New Jersey federal prosecutors unsealed charges Tuesday against a second man they say took part in a plot to swindle the Overseas Private Investment Corp. by diverting the bulk of $1 million meant to fund a Liberian bus company into the pockets of its U.S. backers.
Federal prosecutors accused two former managing directors of Zacks Investment Research and LBMZ Securities of insider trading in Illinois federal court on Tuesday, the same day the two men agreed to fork over their allegedly ill-gotten gains and pay penalties to settle related claims brought by the U.S. Securities and Exchange Commission.
In the midst of market excitement surrounding initial coin offerings, the U.S. Securities and Exchange Commission recently issued an investigative report warning that digital tokens may be securities. When a token is a security, a variety of legal considerations come into play, including the Investment Advisers Act, anti-money laundering and taxation, say attorneys with K&L Gates LLP.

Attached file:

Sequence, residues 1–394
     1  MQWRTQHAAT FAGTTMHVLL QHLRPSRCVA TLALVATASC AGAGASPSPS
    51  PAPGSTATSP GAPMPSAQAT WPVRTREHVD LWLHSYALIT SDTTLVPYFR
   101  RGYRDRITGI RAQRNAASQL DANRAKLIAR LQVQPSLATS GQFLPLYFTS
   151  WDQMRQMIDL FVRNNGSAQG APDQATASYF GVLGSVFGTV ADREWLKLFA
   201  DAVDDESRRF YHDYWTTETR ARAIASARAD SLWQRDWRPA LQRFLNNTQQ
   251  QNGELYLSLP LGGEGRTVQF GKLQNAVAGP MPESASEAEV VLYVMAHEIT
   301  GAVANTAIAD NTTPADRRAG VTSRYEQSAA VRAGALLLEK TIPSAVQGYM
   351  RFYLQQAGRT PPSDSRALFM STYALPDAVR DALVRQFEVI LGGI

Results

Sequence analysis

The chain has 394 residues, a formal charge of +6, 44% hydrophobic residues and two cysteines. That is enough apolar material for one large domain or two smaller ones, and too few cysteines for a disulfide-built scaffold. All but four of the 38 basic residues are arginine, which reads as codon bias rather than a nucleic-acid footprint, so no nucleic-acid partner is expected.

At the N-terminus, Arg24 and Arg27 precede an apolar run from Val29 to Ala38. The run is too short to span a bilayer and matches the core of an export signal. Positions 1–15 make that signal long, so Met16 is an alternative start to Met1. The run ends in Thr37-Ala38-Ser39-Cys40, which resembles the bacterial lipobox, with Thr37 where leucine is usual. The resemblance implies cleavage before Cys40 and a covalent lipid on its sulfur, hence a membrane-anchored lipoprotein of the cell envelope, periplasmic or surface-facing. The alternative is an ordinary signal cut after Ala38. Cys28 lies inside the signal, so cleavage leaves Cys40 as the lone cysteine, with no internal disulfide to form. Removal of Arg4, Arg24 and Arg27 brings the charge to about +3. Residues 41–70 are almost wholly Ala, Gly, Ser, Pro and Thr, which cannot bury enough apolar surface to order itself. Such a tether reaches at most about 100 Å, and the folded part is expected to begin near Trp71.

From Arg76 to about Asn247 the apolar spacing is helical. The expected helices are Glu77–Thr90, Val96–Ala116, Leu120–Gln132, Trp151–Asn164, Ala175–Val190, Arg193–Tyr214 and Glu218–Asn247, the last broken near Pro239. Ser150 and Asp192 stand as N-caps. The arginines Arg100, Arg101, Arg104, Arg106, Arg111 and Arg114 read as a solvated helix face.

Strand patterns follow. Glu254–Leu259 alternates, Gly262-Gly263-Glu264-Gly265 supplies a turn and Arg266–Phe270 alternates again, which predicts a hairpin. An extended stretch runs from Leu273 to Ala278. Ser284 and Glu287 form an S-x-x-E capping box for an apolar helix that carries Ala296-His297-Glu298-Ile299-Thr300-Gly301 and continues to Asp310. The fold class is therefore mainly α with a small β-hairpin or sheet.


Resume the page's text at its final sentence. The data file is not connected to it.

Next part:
Recent actions by the S&P Dow Jones and FTSE Russell highlight growing concerns within the investment community regarding multiclass voting structures. However, it is unlikely these actions will have a uniform impact on every multiclass company, say attorneys with King & Spalding LLP.
David Coale, leader of the appellate practice at Lynn Pinker Cox & Hurst LLP, shares his insights into what works — and what does not — when setting up and maintaining a legal blog.
The Office of the Comptroller of the Currency recently issued an advance notice of proposed rulemaking that represents the first concrete step toward reforming the regulations that implement the Volcker Rule. The OCC’s willingness to issue the ANPR reflects a forward-thinking approach that will have a significant long-term impact on financial market participants, say attorneys with Arnold & Porter Kaye Scholer LLP.